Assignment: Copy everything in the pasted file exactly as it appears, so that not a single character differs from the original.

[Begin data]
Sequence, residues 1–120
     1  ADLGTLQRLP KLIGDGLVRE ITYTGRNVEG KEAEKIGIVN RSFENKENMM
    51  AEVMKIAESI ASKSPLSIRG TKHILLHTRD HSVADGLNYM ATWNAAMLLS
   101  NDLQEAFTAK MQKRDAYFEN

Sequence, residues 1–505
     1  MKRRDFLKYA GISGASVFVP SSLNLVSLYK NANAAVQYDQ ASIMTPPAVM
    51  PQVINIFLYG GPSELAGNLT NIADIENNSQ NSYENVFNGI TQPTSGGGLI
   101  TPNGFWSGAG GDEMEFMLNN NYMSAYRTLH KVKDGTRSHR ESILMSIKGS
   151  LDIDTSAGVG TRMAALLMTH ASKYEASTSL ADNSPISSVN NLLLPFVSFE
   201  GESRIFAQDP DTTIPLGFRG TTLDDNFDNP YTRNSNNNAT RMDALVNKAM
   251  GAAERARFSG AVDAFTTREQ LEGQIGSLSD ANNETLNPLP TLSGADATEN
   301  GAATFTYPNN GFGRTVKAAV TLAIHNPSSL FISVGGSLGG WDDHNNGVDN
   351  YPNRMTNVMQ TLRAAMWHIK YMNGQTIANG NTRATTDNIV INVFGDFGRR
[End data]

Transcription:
Sequence, residues 1–120
     1  ADLGTLQRLP KLIGDGLVRE ITYTGRNVEG KEAEKIGIVN RSFENKENMM
    51  AEVMKIAESI ASKSPLSIRG TKHILLHTRD HSVADGLNYM ATWNAAMLLS
   101  NDLQEAFTAK MQKRDAYFEN

Sequence, residues 1–505
     1  MKRRDFLKYA GISGASVFVP SSLNLVSLYK NANAAVQYDQ ASIMTPPAVM
    51  PQVINIFLYG GPSELAGNLT NIADIENNSQ NSYENVFNGI TQPTSGGGLI
   101  TPNGFWSGAG GDEMEFMLNN NYMSAYRTLH KVKDGTRSHR ESILMSIKGS
   151  LDIDTSAGVG TRMAALLMTH ASKYEASTSL ADNSPISSVN NLLLPFVSFE
   201  GESRIFAQDP DTTIPLGFRG TTLDDNFDNP YTRNSNNNAT RMDALVNKAM
   251  GAAERARFSG AVDAFTTREQ LEGQIGSLSD ANNETLNPLP TLSGADATEN
   301  GAATFTYPNN GFGRTVKAAV TLAIHNPSSL FISVGGSLGG WDDHNNGVDN
   351  YPNRMTNVMQ TLRAAMWHIK YMNGQTIANG NTRATTDNIV INVFGDFGRR